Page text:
Can Goals Make You Happier?
What makes you happy?
That answer is different for everyone. It depends on our personalities, interests, and even the culture and environment we grew up in.
Yet, happiness researchers have discovered certain behaviors and habits that happy people have in common.
The pursuit of goals is one such happiness habit.
Goals Make Us Happier
Are setting goals really worth your time?
We’ve all asked this at one point or another. When it comes to being happier, it seems that it is.
A research team did a study in 2007 where people participated in 3 short 1-hour goal setting and planning sessions. Participants completed them in either a group setting or by themselves online.
The researchers then then compared those people against groups that didn’t complete the activity. They write:
The results provide preliminary support for the view that
(a) goal setting and planning skills have a causal link to subjective well-being and
(b) that such skills can be learned to enhance well-being.
In case you missed it, the researchers said there is a causal link between goal pursuit and happiness. Meaning that goals can directly contribute to happiness.
Want more evidence? Psychologist David Niven talks about a 1998 study in 100 Simple Secrets of the Best Half of Life:
People who could identify a goal they were pursuing were 19 percent more likely to feel satisfied with their lives and 26 percent more likely to feel positive about themselves.
Writing Down Goals Makes You Happier
We’re told that we should write down our goals.
It can increase your chances of success, but can also be a helpful reminder when you put it somewhere noticeable.
But here’s something else. Writing out your goals also gives you a shot of happiness, at least in the short term.
There’s a psychological practice known as “Best Possible Self”. It requires you to think about a future where all your life goals have been accomplished. Next, you write down in as much detail as possible what you imagined.
This exercise was originally used in a study to compare the health benefits of writing about trauma vs. something positive. What the researchers discovered was that writing about your future self and goals could also make you happy:
Writing about life goals was significantly less upsetting than writing about trauma and was associated with a significant increase in subjective well-being.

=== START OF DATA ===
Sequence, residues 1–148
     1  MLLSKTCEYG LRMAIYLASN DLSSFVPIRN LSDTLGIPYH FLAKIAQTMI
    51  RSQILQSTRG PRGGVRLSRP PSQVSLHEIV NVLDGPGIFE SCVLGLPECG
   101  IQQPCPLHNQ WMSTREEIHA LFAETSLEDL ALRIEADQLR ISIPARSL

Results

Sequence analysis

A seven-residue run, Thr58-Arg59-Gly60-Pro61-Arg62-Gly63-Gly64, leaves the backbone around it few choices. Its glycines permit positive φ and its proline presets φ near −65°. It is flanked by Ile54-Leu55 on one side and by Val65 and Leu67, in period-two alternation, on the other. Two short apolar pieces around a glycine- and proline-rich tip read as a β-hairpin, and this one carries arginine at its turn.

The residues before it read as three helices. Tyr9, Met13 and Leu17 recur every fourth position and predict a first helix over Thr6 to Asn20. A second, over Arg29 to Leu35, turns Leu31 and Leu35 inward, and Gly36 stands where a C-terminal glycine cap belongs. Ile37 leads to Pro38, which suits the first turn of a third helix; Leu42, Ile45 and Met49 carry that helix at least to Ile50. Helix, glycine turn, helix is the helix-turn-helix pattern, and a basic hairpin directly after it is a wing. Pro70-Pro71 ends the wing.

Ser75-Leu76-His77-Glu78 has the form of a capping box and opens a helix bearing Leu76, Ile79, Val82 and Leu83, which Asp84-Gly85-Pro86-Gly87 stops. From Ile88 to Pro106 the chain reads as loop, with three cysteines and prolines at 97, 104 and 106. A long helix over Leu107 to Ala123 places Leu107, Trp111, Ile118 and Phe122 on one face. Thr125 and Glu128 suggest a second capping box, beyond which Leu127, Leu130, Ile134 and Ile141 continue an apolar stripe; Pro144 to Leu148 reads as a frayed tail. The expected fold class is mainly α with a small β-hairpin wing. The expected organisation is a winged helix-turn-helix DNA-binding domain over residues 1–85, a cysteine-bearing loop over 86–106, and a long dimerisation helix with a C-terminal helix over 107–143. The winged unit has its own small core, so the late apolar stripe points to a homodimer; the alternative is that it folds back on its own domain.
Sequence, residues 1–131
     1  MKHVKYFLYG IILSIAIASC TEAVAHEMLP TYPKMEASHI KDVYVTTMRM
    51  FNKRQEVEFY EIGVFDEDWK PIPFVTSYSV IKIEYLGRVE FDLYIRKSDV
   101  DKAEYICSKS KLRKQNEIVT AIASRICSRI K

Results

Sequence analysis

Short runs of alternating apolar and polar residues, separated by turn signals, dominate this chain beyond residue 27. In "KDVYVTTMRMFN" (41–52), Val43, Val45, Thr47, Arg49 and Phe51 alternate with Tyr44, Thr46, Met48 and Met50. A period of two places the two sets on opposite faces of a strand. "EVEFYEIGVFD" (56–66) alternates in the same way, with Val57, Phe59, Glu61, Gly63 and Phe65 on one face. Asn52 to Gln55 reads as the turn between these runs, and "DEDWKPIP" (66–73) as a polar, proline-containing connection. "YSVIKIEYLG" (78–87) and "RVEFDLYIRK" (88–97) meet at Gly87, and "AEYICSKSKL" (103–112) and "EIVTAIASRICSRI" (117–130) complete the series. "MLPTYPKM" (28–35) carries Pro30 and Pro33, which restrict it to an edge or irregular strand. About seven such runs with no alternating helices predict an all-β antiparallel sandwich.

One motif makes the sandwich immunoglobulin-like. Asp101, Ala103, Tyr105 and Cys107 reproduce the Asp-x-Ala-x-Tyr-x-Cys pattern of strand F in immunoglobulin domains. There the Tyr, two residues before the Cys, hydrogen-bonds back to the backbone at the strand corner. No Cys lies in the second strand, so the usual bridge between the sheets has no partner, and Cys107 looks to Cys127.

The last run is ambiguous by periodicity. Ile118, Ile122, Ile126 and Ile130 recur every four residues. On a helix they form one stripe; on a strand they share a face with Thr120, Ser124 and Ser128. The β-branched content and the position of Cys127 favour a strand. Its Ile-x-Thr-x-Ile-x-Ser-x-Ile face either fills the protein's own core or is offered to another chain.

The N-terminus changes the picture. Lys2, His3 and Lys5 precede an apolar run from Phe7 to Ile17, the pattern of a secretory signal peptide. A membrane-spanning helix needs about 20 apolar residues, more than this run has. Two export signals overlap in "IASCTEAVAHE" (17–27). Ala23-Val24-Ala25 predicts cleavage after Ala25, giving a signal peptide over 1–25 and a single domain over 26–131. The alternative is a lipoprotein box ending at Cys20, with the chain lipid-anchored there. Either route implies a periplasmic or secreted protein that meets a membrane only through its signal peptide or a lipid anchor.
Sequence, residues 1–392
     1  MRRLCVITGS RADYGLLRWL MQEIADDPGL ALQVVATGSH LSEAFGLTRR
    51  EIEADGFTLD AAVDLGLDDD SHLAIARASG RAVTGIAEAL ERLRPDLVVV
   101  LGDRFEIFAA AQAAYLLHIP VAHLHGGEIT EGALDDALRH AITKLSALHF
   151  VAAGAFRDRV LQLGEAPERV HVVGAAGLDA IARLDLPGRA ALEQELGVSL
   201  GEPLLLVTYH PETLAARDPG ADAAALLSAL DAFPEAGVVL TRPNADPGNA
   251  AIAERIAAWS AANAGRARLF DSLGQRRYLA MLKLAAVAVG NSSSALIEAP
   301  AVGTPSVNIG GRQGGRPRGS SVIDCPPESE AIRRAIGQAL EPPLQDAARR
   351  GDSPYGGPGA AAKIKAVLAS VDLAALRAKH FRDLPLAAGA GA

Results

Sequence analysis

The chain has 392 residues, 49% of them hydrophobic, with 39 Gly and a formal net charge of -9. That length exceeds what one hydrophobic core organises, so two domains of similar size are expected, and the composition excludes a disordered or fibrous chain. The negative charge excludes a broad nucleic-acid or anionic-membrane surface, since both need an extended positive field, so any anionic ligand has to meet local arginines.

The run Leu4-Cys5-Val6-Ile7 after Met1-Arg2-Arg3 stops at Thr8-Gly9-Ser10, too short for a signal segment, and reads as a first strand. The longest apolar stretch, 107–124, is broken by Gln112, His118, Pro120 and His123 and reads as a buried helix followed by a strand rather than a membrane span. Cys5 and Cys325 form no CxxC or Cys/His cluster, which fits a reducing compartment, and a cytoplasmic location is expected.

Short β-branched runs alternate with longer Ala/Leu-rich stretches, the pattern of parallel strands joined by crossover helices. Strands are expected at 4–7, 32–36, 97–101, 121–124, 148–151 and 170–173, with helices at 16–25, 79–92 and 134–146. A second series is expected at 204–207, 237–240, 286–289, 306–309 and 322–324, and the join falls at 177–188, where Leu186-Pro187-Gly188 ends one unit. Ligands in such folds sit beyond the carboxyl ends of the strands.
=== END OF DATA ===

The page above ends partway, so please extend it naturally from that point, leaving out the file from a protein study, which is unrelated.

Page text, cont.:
Since then, a line of research has sprung up around “Best Possible Self” and has shown that it has a number of benefits for a wide variety of people. Not only can it increase your mood and short term happiness, but also makes you more optimistic.
Goals and Long Term Happiness
Thinking about your best possible self in the future can boost your happiness. For even as long as a few months later.
But what about the long term?
A study published in the Journal of Happiness Studies reviewed over 85 different studies, and found a strong link between goals and subjective well-being. Which includes both positive feelings and overall life satisfaction.
The researchers also noted that the effect was stronger when the studies defined successful goal pursuit as progress instead of goal achievement. Hinting that progressing towards our goals might bring us just as much satisfaction as actually reaching them.
And long term happiness doesn’t always mean going after big goals. Having a bunch of smaller sub-goals along the way could make you happier. Here’s psychologist David Niven from The 100 Simple Secrets of Successful People:
Life satisfaction is 22 percent more likely for those with a steady stream of minor accomplishments than those who express interest only in major accomplishments.
Successful Goal Pursuit Requires 2 Skills
Another group of researchers decided to study goal pursuit among university students. A time of big transitions in new surroundings among complete strangers. Without the help of their friends and family.
The researchers found that successful goal pursuit improved their quality of life. This included reducing effort on unattainable goals, as well as engaging in meaningful ones:
The findings confirmed that goal disengagement and goal reengagement can be associated with ratings of high subjective well-being.
They found both were independently related to subjective well-being, and included higher purpose in life, fewer intrusive thoughts, lower perceived stress, and higher self-mastery.
Why Do Goals Make Us Happier?
Not all goals are created equal. Some types make us happier than others.
But why do goals make you happier?
There area lot of psychological factors that play into it. Part of the reason why is because setting, maintaining, and achieving goals encompasses a lot of different behaviors.
But at its base, goals help us fulfill a deep psychological need to grow, connect, improve, and achieve self-actualization. It helps define our identities, feel in control, motivate and give us purpose.
In other words, goals are what we use to pursue happiness.